Only four weeks remain before we open our Becky DeWine school on September 12th, and we are furiously working to prepare our campuses and staff teams for opening day. Thankfully, we completed most of the post-earthquake repairs and rebuilding, but we are a long way off from being ready to receive students on September12th.
“There is just so much that needs to be done, and we have only a small, reliable team that we can turn to,” says Fr. Tom. “One of the things we now realize is that the earthquake wiped out many of the college students who were training to become teachers and nurses etc. It is so hard to recruit qualified high school teachers now – especially when we tell them that our school is in Cite Soleil. “
Here’s a summary of our efforts to get ready for the 2011-2012 school year:
- During July we implemented week long professional development sessions for all our teachers – addressing problems like classroom discipline, lesson planning and teaching techniques, basic subject knowledge;
- With help from Lisa Deters, (an international development expert who worked with UNICEF’s preschool teaching program for many months) we provided a week-long seminar to teach our preschool staff how to use the “classroom in a suitcase” Unicef kits that we received in March.
- Hosted seminars for our school administrators – covering conflict resolution, scheduling, pedagogy, planning, financial and school management;
- Evaluated and refined our school population. Sadly, we learned that some students (and many of these caused discipline problems) entered into our HS after the quake using false names. We are currently verifying all student records.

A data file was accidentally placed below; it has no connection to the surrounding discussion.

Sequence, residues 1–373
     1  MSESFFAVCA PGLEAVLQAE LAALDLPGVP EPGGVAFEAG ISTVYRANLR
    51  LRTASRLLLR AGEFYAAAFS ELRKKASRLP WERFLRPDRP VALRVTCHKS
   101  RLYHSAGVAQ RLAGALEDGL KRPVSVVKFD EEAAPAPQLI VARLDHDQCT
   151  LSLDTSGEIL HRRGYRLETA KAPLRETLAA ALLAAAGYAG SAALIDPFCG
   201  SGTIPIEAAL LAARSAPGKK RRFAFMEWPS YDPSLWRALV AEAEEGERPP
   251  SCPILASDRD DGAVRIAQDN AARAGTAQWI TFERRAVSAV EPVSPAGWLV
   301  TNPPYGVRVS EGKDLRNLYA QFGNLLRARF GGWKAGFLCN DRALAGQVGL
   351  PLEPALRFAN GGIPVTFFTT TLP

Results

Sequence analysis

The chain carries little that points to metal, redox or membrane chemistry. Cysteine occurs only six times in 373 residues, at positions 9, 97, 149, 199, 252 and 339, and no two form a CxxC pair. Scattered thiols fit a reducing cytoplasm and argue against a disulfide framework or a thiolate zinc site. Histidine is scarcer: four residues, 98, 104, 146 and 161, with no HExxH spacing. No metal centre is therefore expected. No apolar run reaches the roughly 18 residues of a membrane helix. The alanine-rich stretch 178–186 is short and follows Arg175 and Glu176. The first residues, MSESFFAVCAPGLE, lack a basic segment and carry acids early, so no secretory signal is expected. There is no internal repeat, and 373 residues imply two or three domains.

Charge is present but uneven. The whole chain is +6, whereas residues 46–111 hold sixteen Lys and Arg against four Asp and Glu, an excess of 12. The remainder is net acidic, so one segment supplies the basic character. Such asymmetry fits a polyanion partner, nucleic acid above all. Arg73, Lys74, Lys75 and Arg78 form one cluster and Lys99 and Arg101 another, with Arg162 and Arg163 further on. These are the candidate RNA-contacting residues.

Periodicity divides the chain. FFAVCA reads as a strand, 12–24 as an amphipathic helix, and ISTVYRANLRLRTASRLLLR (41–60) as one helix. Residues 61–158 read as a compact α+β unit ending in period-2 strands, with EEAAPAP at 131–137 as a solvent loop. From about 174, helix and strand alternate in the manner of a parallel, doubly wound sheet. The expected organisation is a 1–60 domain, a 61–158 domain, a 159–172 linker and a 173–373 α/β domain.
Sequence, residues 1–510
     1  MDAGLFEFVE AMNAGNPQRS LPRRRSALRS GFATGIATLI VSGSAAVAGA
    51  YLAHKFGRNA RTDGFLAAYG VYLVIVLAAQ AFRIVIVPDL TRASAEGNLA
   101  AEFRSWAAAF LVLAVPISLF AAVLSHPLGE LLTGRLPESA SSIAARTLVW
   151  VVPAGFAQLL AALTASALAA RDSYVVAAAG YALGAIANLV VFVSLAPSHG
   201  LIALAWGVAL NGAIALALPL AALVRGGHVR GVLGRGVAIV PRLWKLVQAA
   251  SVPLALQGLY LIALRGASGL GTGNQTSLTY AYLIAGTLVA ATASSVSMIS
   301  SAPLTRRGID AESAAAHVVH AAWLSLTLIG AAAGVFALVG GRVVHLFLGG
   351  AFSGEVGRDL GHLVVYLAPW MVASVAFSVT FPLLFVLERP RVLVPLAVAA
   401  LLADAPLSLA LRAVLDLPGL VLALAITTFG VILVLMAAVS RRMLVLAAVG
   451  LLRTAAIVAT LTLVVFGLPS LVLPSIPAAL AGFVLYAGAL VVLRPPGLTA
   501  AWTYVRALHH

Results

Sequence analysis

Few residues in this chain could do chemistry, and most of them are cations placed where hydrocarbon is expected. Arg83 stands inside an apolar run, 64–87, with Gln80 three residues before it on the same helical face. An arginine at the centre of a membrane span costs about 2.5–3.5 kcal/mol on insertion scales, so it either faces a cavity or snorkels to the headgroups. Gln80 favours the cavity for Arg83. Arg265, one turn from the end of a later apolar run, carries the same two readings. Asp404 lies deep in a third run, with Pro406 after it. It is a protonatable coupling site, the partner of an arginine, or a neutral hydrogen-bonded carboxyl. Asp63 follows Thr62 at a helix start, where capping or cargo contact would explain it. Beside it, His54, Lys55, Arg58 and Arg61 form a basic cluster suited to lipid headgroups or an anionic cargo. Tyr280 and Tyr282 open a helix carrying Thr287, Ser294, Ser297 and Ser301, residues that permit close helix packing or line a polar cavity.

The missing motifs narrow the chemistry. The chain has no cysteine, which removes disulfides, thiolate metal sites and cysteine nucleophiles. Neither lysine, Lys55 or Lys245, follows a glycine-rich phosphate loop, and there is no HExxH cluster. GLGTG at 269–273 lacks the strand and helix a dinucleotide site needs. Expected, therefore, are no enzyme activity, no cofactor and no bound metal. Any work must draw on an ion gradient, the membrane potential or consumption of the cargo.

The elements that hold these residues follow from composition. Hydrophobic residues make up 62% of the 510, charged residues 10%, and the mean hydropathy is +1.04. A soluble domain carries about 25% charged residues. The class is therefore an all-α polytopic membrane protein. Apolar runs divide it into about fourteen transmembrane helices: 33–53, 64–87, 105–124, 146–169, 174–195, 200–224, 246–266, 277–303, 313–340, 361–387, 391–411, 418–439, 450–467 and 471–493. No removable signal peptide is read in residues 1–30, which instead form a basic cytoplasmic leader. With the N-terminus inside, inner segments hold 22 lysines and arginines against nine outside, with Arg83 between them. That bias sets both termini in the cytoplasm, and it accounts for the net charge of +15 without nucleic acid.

- Ongoing new teacher recruiting– especially for our high school – we need to hire 18 new teachers.
- Textbooks – find and purchase minimum text books and manuals for both students and teachers.
- Classroom prep – outfit classrooms with desks and/or tables and benches, white boards and black boards, basic supplies,
- Install a loudspeaker system for the high school to coordinate announcements and daily classroom changes.
“This is the first year when we really focused on strengthening our staff teams and purifying the student population. Cite Soleil is different today – there are more groups opening schools and more programs for people. A few years ago, we were really the only major school system operating in Cite Soleil and the goal was to take in as many children as possible, as much for a meal as for education,” says Doug Campbell. “Now our goal is to give our students a high quality, Catholic education that rivals any other school in Port-au-Prince. It may take a few years, but we can do it. And we will do it with the Haitian people running the entire thing, that is the real challenge but it is the only way to do it right.”
New Headquarters and Offices - Starting Volunteer Program
Our new headquarters is complete and we added second floors to our administration building. Next door, we are finishing up the residence for Fr. Tom and our volunteers and storage depot, chapel and vehicle parking/repair areas.